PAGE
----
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An Overview Of How To Deal With Furlough And Redundancy



As a result of the economic impact of the COVID-19 pandemic, the Government introduced the Coronavirus Job Retention Scheme (CJRS) on 20 March 2020. The purpose of the scheme is to avoid redundancies by alleviating the pressure on employers to continue paying wages in full during the crisis period. The CJRS online claim portal opened on 20 April 2020.

The scheme applies in respect of employees who have been “furloughed”, meaning that they have been put on a period of leave during which they are not required to work (although they will be able to return on a part-time basis from August 2020).

The scheme does not change the employment relationship between employer and employee. Rather, it allows the employer to agree with employees that they will be put on temporary leave of absence (furlough), and then allows the employer to recover a proportion of pay from HMRC in respect of employees on that leave.

The scheme is backdated to 1 March 2020 and will remain open until the end of October 2020. It was initially extended from three to four months to the end of June on 17 April 2020, and was extended again on 12 May 2020 to the end of October 2020

As of 12 May 2020, 7.5 million employees have been furloughed and £10.1 billion has been claimed under the CJRS.

This blog is based on the information we have at the moment and advice may be subject to change as the situation develops. Government policy is evolving as the pandemic develops and the legislation and guidance may be updated at short notice.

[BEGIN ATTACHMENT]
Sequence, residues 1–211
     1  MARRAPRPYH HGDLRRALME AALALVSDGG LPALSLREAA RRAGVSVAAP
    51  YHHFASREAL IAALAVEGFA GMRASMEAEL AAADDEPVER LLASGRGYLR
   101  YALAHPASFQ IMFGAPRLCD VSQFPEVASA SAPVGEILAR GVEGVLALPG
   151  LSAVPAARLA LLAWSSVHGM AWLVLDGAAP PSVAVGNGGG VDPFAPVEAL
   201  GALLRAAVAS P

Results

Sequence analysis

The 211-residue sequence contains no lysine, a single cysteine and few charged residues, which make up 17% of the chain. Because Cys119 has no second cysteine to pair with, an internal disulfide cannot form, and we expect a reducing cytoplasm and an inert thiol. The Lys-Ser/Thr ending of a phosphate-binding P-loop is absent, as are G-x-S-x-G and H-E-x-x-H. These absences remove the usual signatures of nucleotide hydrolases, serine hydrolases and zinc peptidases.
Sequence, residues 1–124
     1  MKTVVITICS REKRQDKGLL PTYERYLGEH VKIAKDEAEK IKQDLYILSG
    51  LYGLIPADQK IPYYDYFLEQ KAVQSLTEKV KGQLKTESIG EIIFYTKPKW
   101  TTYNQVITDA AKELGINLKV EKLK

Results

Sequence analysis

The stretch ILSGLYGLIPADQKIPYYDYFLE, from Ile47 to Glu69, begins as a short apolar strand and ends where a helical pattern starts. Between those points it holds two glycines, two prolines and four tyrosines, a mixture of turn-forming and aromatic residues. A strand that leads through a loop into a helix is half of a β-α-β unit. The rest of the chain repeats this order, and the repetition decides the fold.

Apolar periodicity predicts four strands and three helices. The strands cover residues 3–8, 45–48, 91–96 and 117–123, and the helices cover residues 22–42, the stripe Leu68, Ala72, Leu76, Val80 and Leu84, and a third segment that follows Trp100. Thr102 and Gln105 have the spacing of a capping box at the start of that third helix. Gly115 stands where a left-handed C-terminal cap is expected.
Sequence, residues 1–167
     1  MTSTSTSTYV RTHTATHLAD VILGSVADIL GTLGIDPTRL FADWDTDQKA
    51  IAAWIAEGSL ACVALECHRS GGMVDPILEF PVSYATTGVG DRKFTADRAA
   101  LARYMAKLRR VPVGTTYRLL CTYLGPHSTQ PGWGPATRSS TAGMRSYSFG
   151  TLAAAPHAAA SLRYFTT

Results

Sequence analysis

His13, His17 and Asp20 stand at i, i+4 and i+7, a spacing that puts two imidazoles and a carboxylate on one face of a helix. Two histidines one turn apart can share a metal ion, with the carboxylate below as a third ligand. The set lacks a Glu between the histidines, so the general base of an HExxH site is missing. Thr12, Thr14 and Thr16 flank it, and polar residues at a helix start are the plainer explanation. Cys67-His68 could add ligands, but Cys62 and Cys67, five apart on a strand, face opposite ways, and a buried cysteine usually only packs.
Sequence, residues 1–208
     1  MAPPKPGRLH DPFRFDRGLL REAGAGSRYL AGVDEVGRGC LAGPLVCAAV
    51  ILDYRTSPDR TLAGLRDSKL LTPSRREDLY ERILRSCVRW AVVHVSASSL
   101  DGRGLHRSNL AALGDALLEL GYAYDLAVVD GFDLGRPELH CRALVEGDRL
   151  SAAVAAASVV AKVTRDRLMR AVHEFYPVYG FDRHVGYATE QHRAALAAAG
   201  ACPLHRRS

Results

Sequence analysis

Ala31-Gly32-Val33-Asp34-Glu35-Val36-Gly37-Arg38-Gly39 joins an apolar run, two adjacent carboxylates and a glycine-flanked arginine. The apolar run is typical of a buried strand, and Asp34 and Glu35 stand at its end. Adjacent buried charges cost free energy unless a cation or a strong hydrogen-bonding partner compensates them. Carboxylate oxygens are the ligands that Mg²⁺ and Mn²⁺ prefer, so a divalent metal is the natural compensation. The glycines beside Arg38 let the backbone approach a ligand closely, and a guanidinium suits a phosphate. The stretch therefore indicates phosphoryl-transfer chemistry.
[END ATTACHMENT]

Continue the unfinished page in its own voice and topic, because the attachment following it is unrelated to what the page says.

All UK businesses are eligible for the job retention scheme. Furlough is available to employees and workers on the PAYE payroll at 29 February 2020. Any employees who have started since that date can be made redundant or given notice in accordance with their contract.


Placing employees on furlough leave is a variation to their contract. If the employment contract does not include a right to suspend on leave without pay (highly unlikely in a UK employment contract), you will need to:

  • Decide which employees to designate as furloughed employees.
  • Notify those employees of the intended change.
  • Consider whether you need to consult with employee representatives or trade unions*
  • Agree the change with the furloughed employees. The employment contracts of your staff will not permit you to reduce an employee’s pay, provide them with no work, and change their employment status, without agreement. However, faced with the alternatives, which are likely to be unpaid leave, lay-off, or redundancy, the majority of affected employees are likely to agree to be placed on furlough leave.
  • Confirm the employees’ new status in writing. Ideally, you should advise how long you expect furlough leave to continue.